Born in 1807, he graduates West Point in 1829, second in his class. Though he is the son of "Light-Horse" Harry Lee, a great hero of the American Revolution, late in his father's life Lee must endure the burden of his father's business and personal failures more than the aura of heroism. Lee is devoutly religious, believing with absolute clarity that the events of his life are determined by the will of God. On his return from West Point, his mother dies in his arms. The haunting sadness of her death stays hard inside him for the rest of his life, and places him more firmly than ever into the hands of his God.
He marries the aristocratic Mary Anne Randolph Custis, whose father is the grandson of Martha Washington, and whose home is the grand mansion of Arlington, overlooking the Potomac River. The Lees have seven children, and Lee suffers the guilt of a career that rarely brings him home to watch his children grow, a source of great regret for him, and simmering bitterness in his wife Mary.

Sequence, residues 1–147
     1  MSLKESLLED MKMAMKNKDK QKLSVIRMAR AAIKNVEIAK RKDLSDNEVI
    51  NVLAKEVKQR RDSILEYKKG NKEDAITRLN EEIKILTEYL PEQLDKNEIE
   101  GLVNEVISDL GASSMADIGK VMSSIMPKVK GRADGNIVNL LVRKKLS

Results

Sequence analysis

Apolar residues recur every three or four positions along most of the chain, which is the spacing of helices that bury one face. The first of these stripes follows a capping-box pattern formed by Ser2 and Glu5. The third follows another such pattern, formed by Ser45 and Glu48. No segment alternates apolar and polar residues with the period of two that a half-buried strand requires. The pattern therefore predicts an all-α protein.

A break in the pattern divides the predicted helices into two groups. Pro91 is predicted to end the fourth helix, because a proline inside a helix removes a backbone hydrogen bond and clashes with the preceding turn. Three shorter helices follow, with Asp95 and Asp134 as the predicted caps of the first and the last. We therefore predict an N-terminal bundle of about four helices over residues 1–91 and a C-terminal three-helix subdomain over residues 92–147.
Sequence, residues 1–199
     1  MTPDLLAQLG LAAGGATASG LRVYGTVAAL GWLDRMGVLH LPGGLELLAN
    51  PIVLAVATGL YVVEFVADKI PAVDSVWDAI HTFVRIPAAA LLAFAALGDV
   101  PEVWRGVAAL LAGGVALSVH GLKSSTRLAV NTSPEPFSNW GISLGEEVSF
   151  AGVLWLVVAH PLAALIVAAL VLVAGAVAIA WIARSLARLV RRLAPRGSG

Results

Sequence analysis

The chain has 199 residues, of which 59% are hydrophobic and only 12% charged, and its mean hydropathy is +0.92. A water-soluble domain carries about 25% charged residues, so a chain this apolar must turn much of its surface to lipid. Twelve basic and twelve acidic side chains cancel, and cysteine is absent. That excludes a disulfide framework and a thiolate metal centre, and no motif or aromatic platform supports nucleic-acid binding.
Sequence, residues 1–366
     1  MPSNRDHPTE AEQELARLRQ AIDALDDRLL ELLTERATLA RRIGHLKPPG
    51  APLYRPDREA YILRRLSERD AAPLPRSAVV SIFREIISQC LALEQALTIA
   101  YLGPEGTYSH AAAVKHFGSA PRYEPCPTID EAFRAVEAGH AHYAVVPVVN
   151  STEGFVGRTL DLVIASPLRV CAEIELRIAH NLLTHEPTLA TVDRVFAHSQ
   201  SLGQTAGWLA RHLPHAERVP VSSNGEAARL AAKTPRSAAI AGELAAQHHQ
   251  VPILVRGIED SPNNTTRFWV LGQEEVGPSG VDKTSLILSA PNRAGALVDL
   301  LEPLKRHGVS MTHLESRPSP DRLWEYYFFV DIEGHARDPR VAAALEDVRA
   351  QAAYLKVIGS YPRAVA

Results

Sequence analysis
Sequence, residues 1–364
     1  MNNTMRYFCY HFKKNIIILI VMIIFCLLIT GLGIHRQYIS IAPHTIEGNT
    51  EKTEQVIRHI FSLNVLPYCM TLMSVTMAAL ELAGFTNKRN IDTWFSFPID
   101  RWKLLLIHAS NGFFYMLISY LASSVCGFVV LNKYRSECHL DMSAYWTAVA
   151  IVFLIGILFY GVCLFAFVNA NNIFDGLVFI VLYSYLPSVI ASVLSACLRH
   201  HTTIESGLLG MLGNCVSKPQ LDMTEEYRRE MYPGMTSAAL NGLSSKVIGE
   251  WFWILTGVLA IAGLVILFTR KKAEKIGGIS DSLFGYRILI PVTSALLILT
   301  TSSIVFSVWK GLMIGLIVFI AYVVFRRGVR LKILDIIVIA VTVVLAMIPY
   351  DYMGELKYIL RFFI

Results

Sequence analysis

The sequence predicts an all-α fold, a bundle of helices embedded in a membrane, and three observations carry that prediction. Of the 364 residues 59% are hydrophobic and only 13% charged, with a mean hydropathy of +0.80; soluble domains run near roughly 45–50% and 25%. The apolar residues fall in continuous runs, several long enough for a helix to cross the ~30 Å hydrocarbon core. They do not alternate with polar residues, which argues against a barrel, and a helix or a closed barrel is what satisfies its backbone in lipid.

Lee is a brilliant engineer, and his army career moves him to a variety of posts where his expertise and skill contribute much to the construction of the military installations and forts along the Atlantic coast. He goes to St. Louis and confronts a crisis for the port there by rerouting the flow of the Mississippi River. In 1846 he is sent to Mexico,and his reputation lands him on the staff of General-in-Chief Winfield Scott. Lee performs with efficiency and heroism, both as an engineer, a scout, and a staff officer, and leaves Mexico a lieutenant colonel.